variables is multicollinearity

• Use a scatterplot matrix and (Pearson) correlation matrix to

examine relationships among independent variables

• Use variance inflation factors (VIF) to diagnosis

multicollinearity

4

Selection Procedures for

Independent Variables

• All possible regressions: all one variable models, all two

variable models, etc.

• Best subset regression: best one variable model, best two

variable model

• Backward elimination: start with all candidate independent

variables in the model and remove one variable at a time

until a reasonable regression model is found

• Stepwise regression starts by adding one variable at a time,

checks to see if any variables should be removed, and

continues until a reasonable regression model is found

Note: One procedure is not universally accepted as better

than the others

5

Criterion for selecting the bestfitting model

• Estimated error variance “# = where

smaller is better

• Coefficient of determination # where larger is better

• Adjusted # which provides a penalty for each regression

coefficient included in the model where larger is better

• Mallow’s / statistic where the best-fitting model should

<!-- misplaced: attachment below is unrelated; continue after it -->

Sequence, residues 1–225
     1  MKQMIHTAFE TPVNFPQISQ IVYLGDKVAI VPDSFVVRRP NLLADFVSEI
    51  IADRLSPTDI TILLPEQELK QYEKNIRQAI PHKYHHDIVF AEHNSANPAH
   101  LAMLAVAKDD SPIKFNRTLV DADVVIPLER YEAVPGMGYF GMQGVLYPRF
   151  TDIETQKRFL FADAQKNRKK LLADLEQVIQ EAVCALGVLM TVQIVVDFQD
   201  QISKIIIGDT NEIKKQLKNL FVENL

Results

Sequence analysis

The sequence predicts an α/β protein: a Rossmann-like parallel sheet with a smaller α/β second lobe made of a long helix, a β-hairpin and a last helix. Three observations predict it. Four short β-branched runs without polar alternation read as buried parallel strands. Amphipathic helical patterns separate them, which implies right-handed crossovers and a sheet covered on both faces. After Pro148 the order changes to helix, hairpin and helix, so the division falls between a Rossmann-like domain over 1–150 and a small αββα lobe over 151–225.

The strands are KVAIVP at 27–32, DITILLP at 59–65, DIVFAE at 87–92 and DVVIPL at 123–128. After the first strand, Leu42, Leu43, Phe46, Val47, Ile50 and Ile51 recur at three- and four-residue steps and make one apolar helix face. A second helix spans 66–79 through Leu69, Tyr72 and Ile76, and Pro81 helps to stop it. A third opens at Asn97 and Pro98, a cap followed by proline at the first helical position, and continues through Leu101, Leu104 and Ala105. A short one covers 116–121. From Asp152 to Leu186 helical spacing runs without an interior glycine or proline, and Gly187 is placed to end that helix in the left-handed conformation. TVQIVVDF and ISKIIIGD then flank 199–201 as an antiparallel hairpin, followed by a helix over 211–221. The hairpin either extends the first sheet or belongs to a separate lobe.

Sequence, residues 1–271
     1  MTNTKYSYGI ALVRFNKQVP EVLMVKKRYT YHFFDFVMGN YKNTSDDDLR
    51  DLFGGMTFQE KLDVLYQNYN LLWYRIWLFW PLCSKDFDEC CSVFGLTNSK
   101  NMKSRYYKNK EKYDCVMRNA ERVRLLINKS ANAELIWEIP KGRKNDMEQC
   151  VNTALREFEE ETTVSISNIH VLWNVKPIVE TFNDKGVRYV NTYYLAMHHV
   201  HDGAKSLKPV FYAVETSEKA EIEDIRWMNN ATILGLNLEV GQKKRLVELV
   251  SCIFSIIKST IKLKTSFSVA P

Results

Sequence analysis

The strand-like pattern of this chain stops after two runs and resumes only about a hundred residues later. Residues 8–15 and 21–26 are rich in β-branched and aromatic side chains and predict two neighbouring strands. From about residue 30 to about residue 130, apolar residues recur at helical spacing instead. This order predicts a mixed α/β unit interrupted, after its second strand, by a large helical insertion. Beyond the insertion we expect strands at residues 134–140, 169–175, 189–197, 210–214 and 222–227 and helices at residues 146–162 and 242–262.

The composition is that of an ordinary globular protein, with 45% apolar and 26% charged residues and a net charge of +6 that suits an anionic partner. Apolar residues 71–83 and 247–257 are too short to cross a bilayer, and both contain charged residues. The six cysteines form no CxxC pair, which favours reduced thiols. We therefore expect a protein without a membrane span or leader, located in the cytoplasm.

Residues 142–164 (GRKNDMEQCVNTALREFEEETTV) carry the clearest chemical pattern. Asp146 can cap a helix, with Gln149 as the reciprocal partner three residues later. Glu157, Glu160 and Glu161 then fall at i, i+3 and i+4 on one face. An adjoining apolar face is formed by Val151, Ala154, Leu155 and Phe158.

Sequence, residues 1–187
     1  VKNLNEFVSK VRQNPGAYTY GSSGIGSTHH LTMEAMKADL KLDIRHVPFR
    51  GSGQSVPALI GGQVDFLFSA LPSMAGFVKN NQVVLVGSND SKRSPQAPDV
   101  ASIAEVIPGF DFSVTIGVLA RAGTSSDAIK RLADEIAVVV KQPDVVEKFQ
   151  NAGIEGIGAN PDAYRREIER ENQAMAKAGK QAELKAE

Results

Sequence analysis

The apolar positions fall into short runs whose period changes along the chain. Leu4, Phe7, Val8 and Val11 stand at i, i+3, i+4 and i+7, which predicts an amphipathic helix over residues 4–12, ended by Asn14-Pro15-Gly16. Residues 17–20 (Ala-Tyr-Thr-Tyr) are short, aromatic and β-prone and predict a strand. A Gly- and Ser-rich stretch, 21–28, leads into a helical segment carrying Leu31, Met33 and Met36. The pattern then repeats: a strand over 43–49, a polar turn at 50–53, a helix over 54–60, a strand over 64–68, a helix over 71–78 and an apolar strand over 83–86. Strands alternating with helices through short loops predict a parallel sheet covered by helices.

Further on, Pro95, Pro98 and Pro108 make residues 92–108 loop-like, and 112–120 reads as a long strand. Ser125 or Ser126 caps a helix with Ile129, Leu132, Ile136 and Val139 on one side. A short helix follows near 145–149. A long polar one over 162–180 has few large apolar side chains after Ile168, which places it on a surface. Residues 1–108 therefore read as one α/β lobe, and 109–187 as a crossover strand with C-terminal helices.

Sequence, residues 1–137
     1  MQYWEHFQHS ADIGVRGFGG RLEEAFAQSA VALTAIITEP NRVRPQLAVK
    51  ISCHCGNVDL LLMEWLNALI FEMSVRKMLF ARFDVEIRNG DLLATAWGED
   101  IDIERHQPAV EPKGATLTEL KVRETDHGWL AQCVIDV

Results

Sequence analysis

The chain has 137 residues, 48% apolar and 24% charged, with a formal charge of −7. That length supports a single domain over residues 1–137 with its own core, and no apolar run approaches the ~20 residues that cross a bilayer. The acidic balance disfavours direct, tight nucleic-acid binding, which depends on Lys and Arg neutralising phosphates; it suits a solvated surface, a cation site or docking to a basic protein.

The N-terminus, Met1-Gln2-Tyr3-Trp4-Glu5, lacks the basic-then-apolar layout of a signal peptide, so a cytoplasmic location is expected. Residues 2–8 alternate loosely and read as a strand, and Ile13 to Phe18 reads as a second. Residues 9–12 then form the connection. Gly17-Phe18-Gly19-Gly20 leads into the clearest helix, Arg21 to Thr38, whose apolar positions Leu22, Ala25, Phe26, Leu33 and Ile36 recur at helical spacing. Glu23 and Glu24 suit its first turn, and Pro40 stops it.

have / ≈ . For explanatory variables, = + 1

• Akaike’s information criterion (AIC) where smallest is best

• Bayesian information criterion (BIC) where smallest is

best

6

Section 13.3 Formulating the

Model (Step 2)

• This step refines the information gleaned from step 1

to develop a useful multiple regression model

• One technique to determine the form of each

independent variable is to examine the scatterplots

of residuals versus each independent variable

• Consider various transformations of the data

• Logarithmic transformations (usual natural log)

• Inverse transformation of the dependent variable (1/ )

7

Section 13.4 Checking Model

Assumptions (Step 3)

• Use diagnostic plots as previously used

• Shapiro-Wilk test for normality of residuals

• Use hat values and Cook’s distance to detect data

points having high leverage and/or high influence

• Hat values greater than 2(k+1) are considered high

leverage (where k=number of independent variables)

• Cook’s distances greater than one identify observations

that have high influence

8